In this weekend’s news and commentary, the UAW continues to make progress with the Big Three, and the AMPTP returns to the negotiating table with SAG-AFTRA.
On October 20, the UAW said that it had received new contract offers from two of the Big Three automakers. Both Stellantis and General Motors reported that they were raising their offers to match the 23% wage hike and other benefit improvements previously offered by Ford. UAW gave public updates on Friday to its members on where things stand at Stellantis, General Motors, and Ford. UAW President Shawn Fain acknowledged that the automakers have offered record contracts and did not call for any more plant walkouts. However, he said the union needs more before it can agree to a deal. “There is more to be won,” Fain said during an online broadcast. “These are already record contracts, but they come at the end of decades of record decline. So it’s not enough to be the best ever, when auto workers have gone backwards over the last two decades. That’s a very low bar.” UAW initially demanded 40% wage increases, but Bloomberg reports that the union is now looking for a 25% increase. Fain indicated that a deal is close. “We’ve got cards left to play and they’ve got money left to spend,” Fain said. “That’s the hardest part of the strike. Right before a deal is when there is the most aggressive push for that last mile.”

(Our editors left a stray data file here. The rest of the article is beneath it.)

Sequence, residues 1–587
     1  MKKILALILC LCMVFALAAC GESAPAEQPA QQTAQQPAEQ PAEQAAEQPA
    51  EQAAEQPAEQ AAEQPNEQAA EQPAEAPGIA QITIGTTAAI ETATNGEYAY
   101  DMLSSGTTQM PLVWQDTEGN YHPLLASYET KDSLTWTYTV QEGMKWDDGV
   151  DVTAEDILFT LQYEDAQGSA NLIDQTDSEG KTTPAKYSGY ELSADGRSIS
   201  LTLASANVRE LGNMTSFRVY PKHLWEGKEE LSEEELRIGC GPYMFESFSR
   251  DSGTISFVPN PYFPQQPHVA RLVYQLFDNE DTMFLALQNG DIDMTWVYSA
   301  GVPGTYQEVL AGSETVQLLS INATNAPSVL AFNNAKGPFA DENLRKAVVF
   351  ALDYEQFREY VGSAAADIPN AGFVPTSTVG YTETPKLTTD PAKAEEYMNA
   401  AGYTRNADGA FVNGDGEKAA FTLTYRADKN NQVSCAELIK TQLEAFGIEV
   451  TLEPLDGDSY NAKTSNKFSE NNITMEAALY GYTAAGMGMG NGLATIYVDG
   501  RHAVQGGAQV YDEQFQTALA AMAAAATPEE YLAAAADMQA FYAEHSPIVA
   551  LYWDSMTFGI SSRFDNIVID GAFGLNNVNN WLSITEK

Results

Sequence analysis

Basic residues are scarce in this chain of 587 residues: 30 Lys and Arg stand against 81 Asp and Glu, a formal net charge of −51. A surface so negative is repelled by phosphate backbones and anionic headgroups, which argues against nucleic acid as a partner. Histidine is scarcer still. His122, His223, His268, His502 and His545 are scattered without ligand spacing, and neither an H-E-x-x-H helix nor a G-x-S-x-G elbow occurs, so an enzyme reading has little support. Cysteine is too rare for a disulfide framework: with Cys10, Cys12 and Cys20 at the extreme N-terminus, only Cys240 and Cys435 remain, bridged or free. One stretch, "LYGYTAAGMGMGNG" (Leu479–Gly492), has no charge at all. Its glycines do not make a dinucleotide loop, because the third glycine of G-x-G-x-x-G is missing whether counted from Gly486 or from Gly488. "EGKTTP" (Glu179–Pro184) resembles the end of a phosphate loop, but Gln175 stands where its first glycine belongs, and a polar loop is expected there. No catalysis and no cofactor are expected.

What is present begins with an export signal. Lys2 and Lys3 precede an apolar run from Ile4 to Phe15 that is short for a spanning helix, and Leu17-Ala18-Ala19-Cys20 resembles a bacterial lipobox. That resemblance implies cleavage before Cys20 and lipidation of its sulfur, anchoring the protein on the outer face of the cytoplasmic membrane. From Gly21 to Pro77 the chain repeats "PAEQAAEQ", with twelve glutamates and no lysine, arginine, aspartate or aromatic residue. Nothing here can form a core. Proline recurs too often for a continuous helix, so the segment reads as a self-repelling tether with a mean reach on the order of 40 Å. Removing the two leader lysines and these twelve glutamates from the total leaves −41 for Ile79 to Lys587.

On October 21, SAG-AFTRA and the AMPTP issued a joint statement announcing that they will resume bargaining on Tuesday, October 24. The two sides are returning to the table as pressure is mounting on the union to reach a deal with the studios, as demonstrated by the failed proposal that George Clooney, Ben Affleck, Scarlett Johansson, and other A-list actors presented to SAG-AFTRA leadership last week. The announcement came shortly after Fran Drescher published an article in Deadline commemorating the 100th day of SAG-AFTRA’s strike and calling for the AMPTP to return to the table. She said that SAG-AFTRA members are in a “David-and-Goliath, righteous fight for the future of our profession and our industry.” She also noted that when negotiations between the union and the AMPTP resumed on October 2, the CEOs gave the union only two full-day and three half-day bargaining sessions to resolve contentious issues such as streaming rights, AI, minimum compensation increases before the AMPTP walked away again on October 11. It remains to be seen whether this bargaining session will be more productive.